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A wierdo - any ideas?

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I am printing this part; this pic shows the orientation on the print bed. As you can see quite a severe overhang, I am not using supports.

side 1

My initial settings were; .300 layers, 40 mm/s, 100% fan, 210c extruder, 0.4mm nozzle, 20% infill and 1.2mm wall thickness. After my first run I had the obvious idea to swap the nozzle to 0.8mm to reduce the print time and cost. .

The print came out quite well, better than I thought it might do – this pic is looking at the overhang from underneath –



I started another print to check it with my grey filament and I noticed that in Cura I still had the wall thickness set to 1.2mm from using the 0.4mm nozzle of the first print, so I changed it to 1.6mm (everything else was the same)and started the print. I got this on the underneath of the overhang.

grey overhang Bad

I cancelled the print, changed the wall setting back to 1.2mm, and printed again; just a couple of minutes in-between prints. I got this

grey overhang good


Now I am not sure if this is a learning experience but I have no idea what is happening here. I have always thought it is best to make the wall width a multiple of the nozzle width, but this would suggest that is not true! Any ideas what was happening?




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Woah - I think you just blew my mind! :eek:

Let me summarize as you tried to be very exacting but want to be sure. There are 4 photos in your post:

photo 1) .4mm nozzle (real) .4mm nozzle (cura) 1.2mm wall (green)

photo 2) .8mm nozzle (real) .8mm nozzle (cura) 1.2mm wall (green) (Is this 2 0.6 passes? Or one 1.2mm pass? I'd have to check the code in cura)

photo 3) .8mm nozzle (real) .8mm nozzle (cura) 1.6mm wall (gray) UGLY

photo 4) .8mm nozzle (real) .8mm nozzle (cura) 1.2mm wall (same settings as photo2 but with gray filament)

Is that all correct? Could you double check?

If that's all true then the lesson perhaps is: if you print with really thick layers (.3) and fat traces (.8) it takes longer to cool and overhangs look crappy and this is more important than getting the wall width a multiple of nozzle width.


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Thanks for that George, nice to know someone else’s brain is frazzled :-P . Ok pretty much spot on, a couple of clarifications.

Photo 1) 95% sure that was of version printed at .8mm nozzle real and in Cura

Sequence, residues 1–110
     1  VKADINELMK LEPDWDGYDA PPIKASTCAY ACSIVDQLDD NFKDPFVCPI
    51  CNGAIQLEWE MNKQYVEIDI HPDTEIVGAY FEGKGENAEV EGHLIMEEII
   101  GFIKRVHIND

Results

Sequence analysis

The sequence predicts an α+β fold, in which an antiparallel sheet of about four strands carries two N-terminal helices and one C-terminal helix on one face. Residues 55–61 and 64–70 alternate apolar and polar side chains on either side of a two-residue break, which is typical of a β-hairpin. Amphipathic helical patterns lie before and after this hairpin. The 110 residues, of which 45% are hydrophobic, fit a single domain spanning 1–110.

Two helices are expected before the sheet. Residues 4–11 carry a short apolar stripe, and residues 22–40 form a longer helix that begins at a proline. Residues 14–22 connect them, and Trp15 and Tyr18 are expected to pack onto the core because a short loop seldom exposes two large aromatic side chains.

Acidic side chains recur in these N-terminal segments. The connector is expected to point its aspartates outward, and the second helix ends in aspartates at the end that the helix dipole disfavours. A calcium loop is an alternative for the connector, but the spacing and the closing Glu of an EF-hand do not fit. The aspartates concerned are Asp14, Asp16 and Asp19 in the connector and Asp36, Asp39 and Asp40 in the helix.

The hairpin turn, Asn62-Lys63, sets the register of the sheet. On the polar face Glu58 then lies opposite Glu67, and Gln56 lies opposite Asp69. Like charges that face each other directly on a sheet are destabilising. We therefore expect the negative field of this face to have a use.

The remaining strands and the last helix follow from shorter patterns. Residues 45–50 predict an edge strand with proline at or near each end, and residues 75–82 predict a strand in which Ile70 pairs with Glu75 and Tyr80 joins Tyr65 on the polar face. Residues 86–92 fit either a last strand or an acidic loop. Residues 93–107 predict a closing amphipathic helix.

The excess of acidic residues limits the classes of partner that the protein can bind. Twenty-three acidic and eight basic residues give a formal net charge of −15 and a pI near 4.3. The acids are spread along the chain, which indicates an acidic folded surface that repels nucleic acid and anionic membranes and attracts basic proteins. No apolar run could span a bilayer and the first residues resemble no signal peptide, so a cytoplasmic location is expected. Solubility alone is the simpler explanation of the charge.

Photo 2) I did two more prints, just a few layers with a 1.2mm wall and a 1.6 mm wall, to check.

The 1.2mm setting produces one 1.2mm pass – it measures 1.35mm but given the few layers printed and I ripped it off the bed so it is bent, that measurement may not be too accurate.

Yes the idea of single pass versus double pass did go through my mind although not as analytically as went through yours. Certainly the fans were on 100% once the slope started. The first pass will be partially seated on the previous layer, I assume, which will be cooled because of the 20% infill work before starting the next layer. Again I assume, that the 2nd pass adheres to the side of the first pass, or not!

The very first run I did was 0.4mm with 1.2mm wall, using supports added by Meshmixer. The surface on that came out well also, but breaking off the supports just left me with too much work in filing down the break points to get a smooth finish ready for painting.

I am thinking now that maybe the way to get really well finished overhangs is to go with a single pass. I have some pieces I did a year ago where I struggled to get a decent finish on the overhang (I have always used at least double pass walls) and I think I will revisit them with this new theory :cool:


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Single pass is not better as a matter of principle. But if the nozzle comes back to the same location before the extruded filament cooled down sufficiently, you are in trouble. 0.8 x 0.3 mm2 is a huge cross section, it will take some time to cool down.

Single pass with infill (and a minimum layer time setting) will always avoid an untimely return to the same location. With a double pass there is absolutely no way to control that besides print speed: time to return = perimeter length / print speed.


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OK I understand and I agree. I cannot prove it, as I have never done any comparative testing, but with a 0.4mm nozzle I have always felt that multiple passes, versus one pass, reduce the risk of the exterior surface being affected by the infill process, particularly on circular columns; where I have improved the surface by adding another pass.


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